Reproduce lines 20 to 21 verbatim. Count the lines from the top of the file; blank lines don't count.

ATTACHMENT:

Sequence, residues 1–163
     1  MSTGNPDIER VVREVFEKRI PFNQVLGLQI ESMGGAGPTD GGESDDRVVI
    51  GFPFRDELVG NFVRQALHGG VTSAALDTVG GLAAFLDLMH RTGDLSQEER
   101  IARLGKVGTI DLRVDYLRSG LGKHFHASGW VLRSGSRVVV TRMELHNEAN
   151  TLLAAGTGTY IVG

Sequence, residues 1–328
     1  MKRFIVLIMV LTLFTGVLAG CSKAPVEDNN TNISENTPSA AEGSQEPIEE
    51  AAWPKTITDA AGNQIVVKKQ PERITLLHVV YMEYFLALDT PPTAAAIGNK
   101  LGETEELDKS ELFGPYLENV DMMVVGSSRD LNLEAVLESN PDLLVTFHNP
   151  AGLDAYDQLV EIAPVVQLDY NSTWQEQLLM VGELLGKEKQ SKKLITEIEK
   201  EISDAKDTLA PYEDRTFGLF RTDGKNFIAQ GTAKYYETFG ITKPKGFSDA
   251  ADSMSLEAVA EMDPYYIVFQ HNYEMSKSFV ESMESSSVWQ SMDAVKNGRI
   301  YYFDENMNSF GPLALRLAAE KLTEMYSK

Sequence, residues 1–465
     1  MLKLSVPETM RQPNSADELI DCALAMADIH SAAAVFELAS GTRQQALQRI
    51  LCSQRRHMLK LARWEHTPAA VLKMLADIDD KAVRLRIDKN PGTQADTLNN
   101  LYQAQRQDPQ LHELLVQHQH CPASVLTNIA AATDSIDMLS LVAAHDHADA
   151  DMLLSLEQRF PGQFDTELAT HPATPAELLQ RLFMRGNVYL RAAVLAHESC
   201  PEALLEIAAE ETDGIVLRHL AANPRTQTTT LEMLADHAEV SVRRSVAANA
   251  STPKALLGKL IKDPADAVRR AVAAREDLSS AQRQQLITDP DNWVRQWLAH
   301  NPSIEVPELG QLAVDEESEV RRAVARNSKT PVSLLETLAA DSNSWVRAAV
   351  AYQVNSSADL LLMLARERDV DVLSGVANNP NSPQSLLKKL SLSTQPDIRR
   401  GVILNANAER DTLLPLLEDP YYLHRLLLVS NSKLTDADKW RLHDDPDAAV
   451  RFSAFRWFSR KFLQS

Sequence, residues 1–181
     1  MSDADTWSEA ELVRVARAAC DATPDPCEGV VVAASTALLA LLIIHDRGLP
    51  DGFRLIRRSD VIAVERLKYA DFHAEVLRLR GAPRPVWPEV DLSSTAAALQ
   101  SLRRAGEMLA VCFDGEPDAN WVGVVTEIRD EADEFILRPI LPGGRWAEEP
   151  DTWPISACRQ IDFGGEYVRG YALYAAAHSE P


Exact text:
   251  STPKALLGKL IKDPADAVRR AVAAREDLSS AQRQQLITDP DNWVRQWLAH
   301  NPSIEVPELG QLAVDEESEV RRAVARNSKT PVSLLETLAA DSNSWVRAAV